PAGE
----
From Classic film:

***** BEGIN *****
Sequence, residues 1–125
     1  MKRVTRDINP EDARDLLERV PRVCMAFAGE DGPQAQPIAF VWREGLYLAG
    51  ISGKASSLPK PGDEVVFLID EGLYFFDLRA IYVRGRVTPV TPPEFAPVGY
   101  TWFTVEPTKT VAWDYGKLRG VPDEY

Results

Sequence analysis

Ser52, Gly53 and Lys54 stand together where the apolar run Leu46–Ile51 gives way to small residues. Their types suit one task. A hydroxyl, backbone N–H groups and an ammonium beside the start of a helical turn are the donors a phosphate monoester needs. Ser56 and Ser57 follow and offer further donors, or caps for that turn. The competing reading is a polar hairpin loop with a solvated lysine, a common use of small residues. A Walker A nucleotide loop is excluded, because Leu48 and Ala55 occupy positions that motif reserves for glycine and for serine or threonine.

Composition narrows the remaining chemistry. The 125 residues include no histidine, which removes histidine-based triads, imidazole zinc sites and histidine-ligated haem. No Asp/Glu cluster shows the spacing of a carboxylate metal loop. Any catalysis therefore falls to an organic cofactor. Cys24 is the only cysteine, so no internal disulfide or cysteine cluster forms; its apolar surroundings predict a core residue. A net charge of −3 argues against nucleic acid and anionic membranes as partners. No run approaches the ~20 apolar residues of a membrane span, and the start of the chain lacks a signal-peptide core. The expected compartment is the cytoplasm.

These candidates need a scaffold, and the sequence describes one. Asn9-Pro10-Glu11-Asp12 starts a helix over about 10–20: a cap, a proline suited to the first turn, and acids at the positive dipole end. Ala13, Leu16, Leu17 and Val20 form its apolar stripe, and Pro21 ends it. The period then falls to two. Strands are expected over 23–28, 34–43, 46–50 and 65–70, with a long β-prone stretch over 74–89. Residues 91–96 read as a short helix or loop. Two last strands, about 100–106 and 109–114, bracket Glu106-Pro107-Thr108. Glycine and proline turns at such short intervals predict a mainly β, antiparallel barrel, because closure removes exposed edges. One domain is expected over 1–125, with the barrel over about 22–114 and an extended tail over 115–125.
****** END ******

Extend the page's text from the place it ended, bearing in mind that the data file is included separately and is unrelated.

One of the earliest films about anti-Semitism in the U.S.A. (though Oscar Best Picture winner, The Life of Emile Zola (1937) dealt with the subject in France), this Best Picture winner ironically competed against another (better?) film based on the same, Crossfire (1947). The former is a story about a gentile writer who pretends to be Jewish and then experiences the prejudice firsthand, while the latter explores a murder whose anti-Semitic motive is at first unknown. Additionally (even stranger?), these two similar films competed with a Dickens classic & two traditionally Christmastime films The Bishop’s Wife (1947) and Miracle on 34th Street (1947). But Best Actor nominee Gregory Peck & Director Elia Kazan (winning an Oscar with his first nomination) proved a more powerful combination than the three Roberts (Young, Mitchum, Ryan – though Robert Ryan was nominated for Best Supporting Actor) & Director Edward Dmytryk, who received his only Academy Award nomination. Additionally, Celeste Holm beat fellow Gentleman’s Best Supporting Actress nominee Anne Revere and Crossfire’s Gloria Grahame for that award. Both pictures also lost in the Editing & Writing categories. This was probably a very closely contested “race” considering the direct competition by genre. It’s a wonder the other nominee, Great Expectations (1947), didn’t win except for the fact that (up until that point) the British never had (which was “corrected” the following year with Laurence Olivier’s self-directed Hamlet (1948))!